The sample text could be encoded in TEI P3 as well. Being TEI, this is a descriptive encoding scheme that allows the encoder to explicate the structure and semantics of the textual features s/he wants to analyse. In our sample, we see the typical features of TEI documents (although some of the names have evolved since version P3): a document is encoded in a TEI.2 element, containing both a teiHeader section for the meta-information, and a text part for the actual text contents. The header must contain a minimal amount of meta-information, while the text content itself is encoded in body. Inside the text, the structural elements (heading -- head, paragraph -- p, footnote -- note @place=foot), as well as semantic features (title -- title, emphasis -- emph, term -- term) can be fully expressed with comprehensible tag names.

Note, however, that this is SGML, not XML: some elements can occur without end tags (title, body, p, head), and attribute values can occur without surrounding quotes (type=foot).

<TEI.2> <teiHeader> <fileDesc> <titleStmt> <title>Review: an electronic transcription </titleStmt> <publicationStmt> <p>Published as an example for the Introduction module of TBE. </publicationStmt> <sourceDesc> <p>No source: born digital. </sourceDesc> </fileDesc> </teiHeader> <text> <body> <head>Review <p><title>Die Leiden des jungen Werther <note place=foot>by <name>Goethe</name> is an <emph>exceptionally</emph> good example of a book full of <term>Weltschmerz</term>. </text> </TEI.2>

Finally, this example illustrates how a TEI P5 (XML) encoding of the sample text could look. The latest version ot the TEI Guidelines specify a descriptive encoding scheme in XML format. As you'll see, there are much similarities with the TEI P3 encoding of the previous example: all structural and semantic text features can be indicated and labeled with fairly intuitive element names. Still, some differences stand out: in TEI P5, all elements must have end tags in TEI P5, all attribute values must be surrounded by quotes some basic element names have changed (e.g.: the first element of any TEI P5 text is now called TEI) in TEI P5, many details of the text ontology have been changed, some elements have been revised, improved, deleted, or added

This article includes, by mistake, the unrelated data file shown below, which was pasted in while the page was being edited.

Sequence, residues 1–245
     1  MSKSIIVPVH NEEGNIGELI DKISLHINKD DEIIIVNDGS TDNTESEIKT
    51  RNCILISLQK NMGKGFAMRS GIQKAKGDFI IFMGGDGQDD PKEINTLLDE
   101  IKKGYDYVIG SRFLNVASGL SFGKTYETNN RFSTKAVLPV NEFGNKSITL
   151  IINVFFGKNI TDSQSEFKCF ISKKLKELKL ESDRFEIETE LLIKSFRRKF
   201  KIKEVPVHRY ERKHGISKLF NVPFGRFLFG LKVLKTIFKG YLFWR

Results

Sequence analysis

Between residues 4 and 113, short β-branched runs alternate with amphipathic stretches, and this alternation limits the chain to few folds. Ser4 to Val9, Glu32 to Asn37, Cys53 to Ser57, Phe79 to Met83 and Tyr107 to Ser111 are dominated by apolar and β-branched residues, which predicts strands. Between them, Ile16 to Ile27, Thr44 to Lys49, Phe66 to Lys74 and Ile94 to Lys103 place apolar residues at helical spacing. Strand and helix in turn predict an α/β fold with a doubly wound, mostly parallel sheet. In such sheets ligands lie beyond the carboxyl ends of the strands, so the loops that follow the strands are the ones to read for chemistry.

The TBE tutorials will guide you through the most important sections of the TEI Guidelines that should enable you to encode the most common features of different text genres, and derive TEI encoding schemes according to your needs.

Review: an electronic transcription

Published as an example for the Introduction module of TBE.

No source: born digital.


Die Leiden des jungen Wertherby Goethe is an exceptionally good example of a book full of Weltschmerz.